Accepting the reality of pain and suffering will allow us to know the dangers in this world and help us realize that our time on this earth is short. Regardless if it has been lived with total health and prosperity. But paradoxically speaking, pain can be a positive indicator. We have all heard the saying no pain no gain. And as painful as exercising can be, it’s necessary for optimum health. We all know the frustrating feeling of learning something new. And the countless hours of studying mind-numbing material just to pass our exams. But, anything worth working towards will not be an easy goal to obtain. Accepting pain and suffering to achieve your goals will give you a positive perspective on life.

Second Principle Of Existential Values: Facing Your Fears and Anxieties

Anxiety and fear are one of the most crippling things that can happen to a person. It’s where the mind has overcome the soul. And things like self-doubt and negative thinking sets in and control people’s true instincts and motives. An existentialist is someone who overcomes their anxieties and fears and recognizes them as such. They face their fears head-on and can care less about them. Existentialists set aside things that don’t matter, especially things they can’t control. It’s a very proficient way of thinking because worrying has never done anyone any good.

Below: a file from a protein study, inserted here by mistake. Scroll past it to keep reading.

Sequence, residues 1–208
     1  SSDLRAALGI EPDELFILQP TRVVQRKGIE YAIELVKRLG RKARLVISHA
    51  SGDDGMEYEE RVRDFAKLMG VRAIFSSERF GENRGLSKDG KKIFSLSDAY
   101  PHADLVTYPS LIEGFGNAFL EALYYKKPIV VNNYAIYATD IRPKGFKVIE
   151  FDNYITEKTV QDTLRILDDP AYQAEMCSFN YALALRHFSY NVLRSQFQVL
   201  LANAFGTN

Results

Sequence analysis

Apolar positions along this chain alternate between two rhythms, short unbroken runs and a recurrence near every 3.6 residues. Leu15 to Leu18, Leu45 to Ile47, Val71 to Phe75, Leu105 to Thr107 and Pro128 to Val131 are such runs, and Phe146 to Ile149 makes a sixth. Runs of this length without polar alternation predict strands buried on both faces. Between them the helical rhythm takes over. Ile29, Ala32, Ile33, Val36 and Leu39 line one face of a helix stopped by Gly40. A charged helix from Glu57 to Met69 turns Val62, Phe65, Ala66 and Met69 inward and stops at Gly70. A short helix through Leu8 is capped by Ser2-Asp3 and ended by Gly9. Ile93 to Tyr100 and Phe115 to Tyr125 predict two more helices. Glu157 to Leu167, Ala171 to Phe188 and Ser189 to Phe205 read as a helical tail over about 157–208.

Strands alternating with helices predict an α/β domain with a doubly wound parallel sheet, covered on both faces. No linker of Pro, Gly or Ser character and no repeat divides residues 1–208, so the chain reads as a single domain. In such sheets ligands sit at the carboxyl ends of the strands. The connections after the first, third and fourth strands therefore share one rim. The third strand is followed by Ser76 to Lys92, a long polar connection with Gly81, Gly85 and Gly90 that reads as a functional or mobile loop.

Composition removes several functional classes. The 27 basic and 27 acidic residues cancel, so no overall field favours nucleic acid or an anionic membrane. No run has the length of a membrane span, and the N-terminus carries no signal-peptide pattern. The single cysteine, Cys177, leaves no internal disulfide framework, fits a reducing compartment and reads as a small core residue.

For example, there is no point in worrying about tomorrow. You can do nothing to change the outcome of a situation that is not attentively present. There is no reason to worry about the job you have right now because any job, anytime, can fire you for any reason. Also, there is no reason to worry about asking someone out on a date because it’s either a yes or a no. The person you like is either going to like you or not. But worrying about that outcome and having anxiety about it only hinders you from getting into a mindset to be successful. Anxiety and fear may be mental matters, but if done in excessive amounts, which we intend to do, they can appear physically, making matters even worse. But an existentialist will stop worrying about the things they can’t control and just go out and live.